thinking globally, eating locally's Journal|
[Most Recent Entries]
Below are the 8 most recent journal entries recorded in
thinking globally, eating locally's LiveJournal:
|Tuesday, April 22nd, 2008|
Featured farm: Cobb Hill Farm
Farm: Cobb Hill Farm
Location: Hartland VT
Cobb Hill is actually an intentional co-housing development
, founded upon the ideas of sustainable living and of community. Those who live there actively participate both within Cobb Hill itself and within the greater Upper Valley community. In addition to environmentally-sound housing for its members, the community includes the Sustainability Institute
and an organic farm. While the farm consists of many separate enterprises, perhaps the best-known to the general Upper Valley public is its cheese.
Cobb Hill offers two kinds of cheese, both made from raw Jersey cows' milk and vegetable rennet: the Welsh-style Four Corners Caerphilly and the Alpine-style Ascutney Mountain. And, yes, they are distinct from one another, but both are indescribably delicious. In fact, the Ascutney Mountain easily rivals any of the cheeses I tried while in France - yep, it's that good. The Cobb Hill folks have a regular presence at the Norwich farmers' market, which starts up next month, so if you're in the area, stop on by and give the cheeses of Cobb Hill a taste... but be warned, for chances are you'll want to take some home with you!
P.S. - Happy Earth Day! It's good for the environment to eat local!
|Tuesday, April 1st, 2008|
Featured event: Flavors of the Valley
Name: Flavors of the Valley
Location: Hartford High School Gymnasium, White River Junction VT
Date/time: 15 April, 1400-1900h
Cost: $7 per person
Flavors of the Valley is back!
This event is an annual showcase of local farms and their products for the Upper Connecticut River Valley area, which includes large areas of both Vermont and New Hampshire. Dozens of farms are represented here, offering pretty much everything one can imagine - produce, meat, dairy, eggs, and more. Many farms will provide samples of their wares, and all will be happy to talk about their farms, products, and methods. Truly a must-see event for any Upper Valley localvore!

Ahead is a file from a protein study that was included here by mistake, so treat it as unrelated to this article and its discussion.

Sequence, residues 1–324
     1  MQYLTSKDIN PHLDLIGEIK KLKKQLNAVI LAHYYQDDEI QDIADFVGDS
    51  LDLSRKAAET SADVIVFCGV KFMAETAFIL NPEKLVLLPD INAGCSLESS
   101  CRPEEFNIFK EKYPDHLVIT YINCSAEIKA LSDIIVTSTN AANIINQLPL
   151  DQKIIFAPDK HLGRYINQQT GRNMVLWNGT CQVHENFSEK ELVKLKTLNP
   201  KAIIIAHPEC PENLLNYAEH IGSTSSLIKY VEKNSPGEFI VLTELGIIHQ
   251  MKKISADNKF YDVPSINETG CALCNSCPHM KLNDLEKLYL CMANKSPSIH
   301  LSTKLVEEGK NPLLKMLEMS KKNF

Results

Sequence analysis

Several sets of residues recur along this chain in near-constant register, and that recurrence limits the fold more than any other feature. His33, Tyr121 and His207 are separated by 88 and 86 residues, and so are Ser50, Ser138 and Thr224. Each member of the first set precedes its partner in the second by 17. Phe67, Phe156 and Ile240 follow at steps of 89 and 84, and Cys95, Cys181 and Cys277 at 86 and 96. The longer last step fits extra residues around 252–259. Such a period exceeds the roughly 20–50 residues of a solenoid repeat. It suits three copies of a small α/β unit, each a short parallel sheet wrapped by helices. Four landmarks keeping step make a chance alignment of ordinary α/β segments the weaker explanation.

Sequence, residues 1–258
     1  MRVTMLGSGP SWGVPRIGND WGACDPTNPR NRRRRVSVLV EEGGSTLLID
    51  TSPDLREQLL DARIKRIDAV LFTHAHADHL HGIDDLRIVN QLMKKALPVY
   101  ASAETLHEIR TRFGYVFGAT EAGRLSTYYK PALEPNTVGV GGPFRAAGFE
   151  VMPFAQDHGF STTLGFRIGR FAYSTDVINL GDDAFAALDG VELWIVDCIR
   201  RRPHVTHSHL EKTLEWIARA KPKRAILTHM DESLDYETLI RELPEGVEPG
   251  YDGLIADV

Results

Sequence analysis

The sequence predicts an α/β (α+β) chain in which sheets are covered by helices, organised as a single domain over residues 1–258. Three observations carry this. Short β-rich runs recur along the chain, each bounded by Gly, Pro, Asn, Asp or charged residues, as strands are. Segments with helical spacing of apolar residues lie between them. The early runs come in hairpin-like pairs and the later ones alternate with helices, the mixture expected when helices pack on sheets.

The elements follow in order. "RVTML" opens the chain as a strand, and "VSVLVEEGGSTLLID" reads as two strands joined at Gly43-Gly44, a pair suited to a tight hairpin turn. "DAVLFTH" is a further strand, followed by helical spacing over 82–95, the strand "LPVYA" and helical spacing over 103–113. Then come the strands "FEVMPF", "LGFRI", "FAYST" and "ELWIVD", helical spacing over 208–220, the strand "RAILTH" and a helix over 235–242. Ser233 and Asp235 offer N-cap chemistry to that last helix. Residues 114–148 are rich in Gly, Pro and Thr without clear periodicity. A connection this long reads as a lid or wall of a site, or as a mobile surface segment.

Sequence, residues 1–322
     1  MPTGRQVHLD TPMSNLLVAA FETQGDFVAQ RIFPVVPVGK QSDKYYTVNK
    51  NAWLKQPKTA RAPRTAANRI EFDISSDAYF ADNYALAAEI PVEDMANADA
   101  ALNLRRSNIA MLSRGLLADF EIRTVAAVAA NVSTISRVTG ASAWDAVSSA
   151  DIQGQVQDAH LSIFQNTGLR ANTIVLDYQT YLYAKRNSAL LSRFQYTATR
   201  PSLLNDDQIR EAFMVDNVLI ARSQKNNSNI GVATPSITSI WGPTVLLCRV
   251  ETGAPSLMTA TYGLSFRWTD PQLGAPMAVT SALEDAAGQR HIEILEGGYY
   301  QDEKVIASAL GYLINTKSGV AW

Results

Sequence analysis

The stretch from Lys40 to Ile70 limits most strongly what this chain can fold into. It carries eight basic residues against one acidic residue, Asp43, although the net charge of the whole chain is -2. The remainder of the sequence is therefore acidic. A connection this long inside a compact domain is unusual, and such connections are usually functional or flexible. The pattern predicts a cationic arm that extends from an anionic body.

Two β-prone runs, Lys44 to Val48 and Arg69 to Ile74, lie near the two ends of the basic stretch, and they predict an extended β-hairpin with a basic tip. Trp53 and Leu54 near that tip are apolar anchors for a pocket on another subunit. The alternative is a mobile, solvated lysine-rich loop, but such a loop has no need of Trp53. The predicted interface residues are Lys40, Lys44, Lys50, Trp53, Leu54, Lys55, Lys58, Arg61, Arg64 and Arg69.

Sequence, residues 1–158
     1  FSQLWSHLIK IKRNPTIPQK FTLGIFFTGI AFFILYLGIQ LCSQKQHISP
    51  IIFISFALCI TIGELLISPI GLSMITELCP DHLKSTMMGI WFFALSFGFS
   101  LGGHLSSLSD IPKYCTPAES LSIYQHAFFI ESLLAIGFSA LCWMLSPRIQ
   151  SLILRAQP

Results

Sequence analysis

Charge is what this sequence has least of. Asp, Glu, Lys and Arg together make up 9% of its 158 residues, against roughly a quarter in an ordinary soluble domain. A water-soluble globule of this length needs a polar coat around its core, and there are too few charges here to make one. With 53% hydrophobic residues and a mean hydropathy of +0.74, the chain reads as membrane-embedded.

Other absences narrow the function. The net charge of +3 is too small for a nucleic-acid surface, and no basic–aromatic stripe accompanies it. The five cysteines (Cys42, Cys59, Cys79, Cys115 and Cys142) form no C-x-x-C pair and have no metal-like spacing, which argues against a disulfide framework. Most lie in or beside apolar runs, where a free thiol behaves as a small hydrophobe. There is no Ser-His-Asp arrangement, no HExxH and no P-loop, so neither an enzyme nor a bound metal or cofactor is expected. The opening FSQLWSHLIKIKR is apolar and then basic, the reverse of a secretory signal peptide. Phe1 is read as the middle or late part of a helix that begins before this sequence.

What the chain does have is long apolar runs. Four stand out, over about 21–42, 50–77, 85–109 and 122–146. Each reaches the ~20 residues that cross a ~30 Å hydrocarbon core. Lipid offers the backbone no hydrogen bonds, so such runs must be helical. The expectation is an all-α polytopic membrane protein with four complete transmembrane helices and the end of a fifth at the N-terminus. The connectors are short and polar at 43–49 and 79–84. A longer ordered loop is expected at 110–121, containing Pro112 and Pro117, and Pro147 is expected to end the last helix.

|Tuesday, January 29th, 2008|
Featured farm: Allandale Farm
Name: Allandale Farm
Location: Brookline MA
Allandale has the distinction of being the last working farm in Boston. While I know admittedly little of this farm firsthand, I have on several occasions gotten to taste their heirloom tomatoes while staying with Bostonian friends, and if the rest of what they offer is anything like them, then it's easy to see why Allandale's stuck around! In addition to what they grow themselves, both for the table and for the garden, they also supplement their stock with food from other farms and food crafters in the region to show that even in metropolitan areas, one can still find an abundance of good local food.
|Friday, January 25th, 2008|
Featured restaurant: The Farmers Diner
Name: The Farmers Diner
Location: Quechee VT
This is a nifty little diner located off of Route 4 near Quechee Gorge. The primary attraction of this eatery is that most of the ingredients used in their menu items - vegetables, fruit, dairy, meat, even the condiments - comes from local sources, and what they can't get grown locally (like, say, coffee) they obtain from locally-based companies, organic sources, or free-trade organisations... and frequently, any given source fits more than one of these! So pretty much no matter what you order, you're endorsing at least one good cause.